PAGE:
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Friday, December 8, 2023 | Back issues
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Federal judge delivers win to young gun rights advocates

The injunction, which was immediately stayed pending appeal, would bar the government from enforcing laws prohibiting people between the ages of 18 and 21 from purchasing handguns.

RICHMOND, Va. (CN) — A Virginia-based federal judge issued an injunction prohibiting the federal government from enforcing a collection of laws that bars otherwise eligible 18 to 20-year-olds from purchasing handguns.

The judge, however, also immediately applied a stay on the order pending appeal. 

U.S. District Judge Robert Payne, a George H.W. Bush appointee, issued three orders in the case Wednesday. The first granted class certification to an estimated 10 million Americans aged 18 to 21, while the second granted declaratory judgment against the government and ordered an injunction of the gun laws, and the third stayed the injunction. 

"We're pleased with today's outcome, as it brings us one giant step closer to delivering justice on behalf of the millions of law-abiding American adults who have the same fundamental liberty to defend themselves as older citizens," attorney Elliot Harding of Harding Council representing the four original plaintiffs said in an e-mail. "We're optimistic that the higher courts will ultimately affirm this Court's decision to allow every qualified buyer an opportunity to avail themselves of the federal system — the only means for background checks — should they choose to purchase a handgun as their personal form of protection."

Other courts considering similar legislation have ruled in favor of the government, meaning the government is likely to appeal the lower court's orders to the Fourth Circuit. 

"The simple fact that our sister courts have split on this question makes clear that reasonable minds can and have disagreed,' the order granting the stay states. 

According to the orders, monetary relief rather than a change in how the law is enforced is an inadequate remedy for the certified class. 

"The only available remedy to stop the denial of the right is an order enjoying the enforcement of the legal regime that is affecting the deprivation," the injunction order states.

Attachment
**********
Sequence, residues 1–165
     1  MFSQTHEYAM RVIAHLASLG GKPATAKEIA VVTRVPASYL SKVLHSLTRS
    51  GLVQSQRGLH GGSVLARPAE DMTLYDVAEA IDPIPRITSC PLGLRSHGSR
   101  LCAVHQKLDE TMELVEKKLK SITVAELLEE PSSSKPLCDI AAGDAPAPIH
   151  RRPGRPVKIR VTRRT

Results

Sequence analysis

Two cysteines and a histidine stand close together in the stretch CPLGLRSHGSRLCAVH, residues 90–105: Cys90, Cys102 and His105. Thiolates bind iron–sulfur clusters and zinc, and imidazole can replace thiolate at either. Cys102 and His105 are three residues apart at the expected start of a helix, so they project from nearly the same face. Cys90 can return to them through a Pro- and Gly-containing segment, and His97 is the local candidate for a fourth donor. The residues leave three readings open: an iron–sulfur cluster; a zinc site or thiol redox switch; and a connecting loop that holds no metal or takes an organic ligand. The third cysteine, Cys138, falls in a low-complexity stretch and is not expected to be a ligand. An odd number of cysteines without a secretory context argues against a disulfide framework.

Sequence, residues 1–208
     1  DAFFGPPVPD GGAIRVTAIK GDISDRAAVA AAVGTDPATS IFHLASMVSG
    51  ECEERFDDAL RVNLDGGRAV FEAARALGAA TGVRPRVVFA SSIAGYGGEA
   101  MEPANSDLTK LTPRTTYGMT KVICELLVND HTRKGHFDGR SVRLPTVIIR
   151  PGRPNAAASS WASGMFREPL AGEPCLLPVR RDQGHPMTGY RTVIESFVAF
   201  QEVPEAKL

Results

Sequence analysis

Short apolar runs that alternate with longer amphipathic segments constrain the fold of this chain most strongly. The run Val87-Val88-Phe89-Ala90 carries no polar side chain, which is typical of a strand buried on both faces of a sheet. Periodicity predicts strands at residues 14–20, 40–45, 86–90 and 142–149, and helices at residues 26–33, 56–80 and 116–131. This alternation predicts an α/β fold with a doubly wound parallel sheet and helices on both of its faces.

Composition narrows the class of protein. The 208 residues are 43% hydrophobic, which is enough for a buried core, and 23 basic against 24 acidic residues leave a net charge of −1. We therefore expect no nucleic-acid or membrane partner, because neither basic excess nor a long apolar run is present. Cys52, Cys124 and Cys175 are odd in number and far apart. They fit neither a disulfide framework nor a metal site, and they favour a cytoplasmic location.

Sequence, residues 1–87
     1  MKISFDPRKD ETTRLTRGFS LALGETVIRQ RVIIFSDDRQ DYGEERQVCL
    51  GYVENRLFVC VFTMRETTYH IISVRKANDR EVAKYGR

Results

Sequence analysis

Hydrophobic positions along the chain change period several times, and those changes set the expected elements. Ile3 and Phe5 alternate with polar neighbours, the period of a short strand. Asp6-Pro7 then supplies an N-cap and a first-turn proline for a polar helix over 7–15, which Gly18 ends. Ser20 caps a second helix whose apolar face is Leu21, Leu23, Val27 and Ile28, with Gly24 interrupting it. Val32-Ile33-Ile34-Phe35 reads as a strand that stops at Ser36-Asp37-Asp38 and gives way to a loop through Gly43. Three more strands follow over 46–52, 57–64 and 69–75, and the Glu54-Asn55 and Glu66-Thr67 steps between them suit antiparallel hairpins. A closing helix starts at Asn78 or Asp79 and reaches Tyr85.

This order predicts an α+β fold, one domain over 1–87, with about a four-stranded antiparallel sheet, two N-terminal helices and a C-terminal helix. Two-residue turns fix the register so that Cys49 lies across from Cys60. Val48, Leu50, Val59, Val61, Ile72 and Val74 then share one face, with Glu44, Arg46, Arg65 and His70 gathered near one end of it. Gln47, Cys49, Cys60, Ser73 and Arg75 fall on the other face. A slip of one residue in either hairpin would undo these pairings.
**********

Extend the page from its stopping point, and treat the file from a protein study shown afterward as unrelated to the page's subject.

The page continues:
According to the U.S. Census Bureau, there were over 31 million Americans between the ages of 18 to 24 in 2020. Payne disagreed with the government's argument that because the class will inevitably age out of the prohibited category, they are not suffering an irreparable injury as required for injunctive relief. 

"By infringing upon the Plaintiffs' constitutional rights, the challenged statutory and regulatory provisions inflicted an irreparable injury on plaintiffs," the injunctive relief order states.

The government contended that relief should only apply to the four original plaintiffs, but Payne instead found broader relief to be necessary.

"People between the age of 18 and 21 in the Eastern District of Virginia suffer an equal burden as people of the same age in the Southern District of New York, the Central District of California or any other district." the order granting declaratory judgment states. 

Should the injunction survive appeal, it will not apply to parts of Louisiana and West Virginia currently litigating parallel cases or any of the 19 other states that currently have laws prohibiting the sale of handguns to people under the age of 21. The injunction would also not change the status of those in the certified class who are already barred from purchasing a handgun due to criminal history, dishonorable discharges, mental conditions or drug addiction. 

Payne referenced the Supreme Court's 2022 ruling in New York State Rifle & Pistol Association v. Bruen, where the conservative majority found that New York violated the Second Amendment by restricting who gets to carry a concealed weapon in public. 

"In deciding to grant summary judgment to the plaintiffs, the court applied the standard newly articulated in Bruen," the stay order stated. 

Although the final orders granting declaratory judgment were issued Wednesday, Payne made his feelings on the matter known in May when he granted the plaintiff's motion for summary judgment

"Because the statutes and regulations in question are not consistent with our nation's history and traditions, they, therefore, cannot stand," the May opinion states. 

The Justice Department did not immediately respond to requests for comment. 

Categories / Courts, Government, Law

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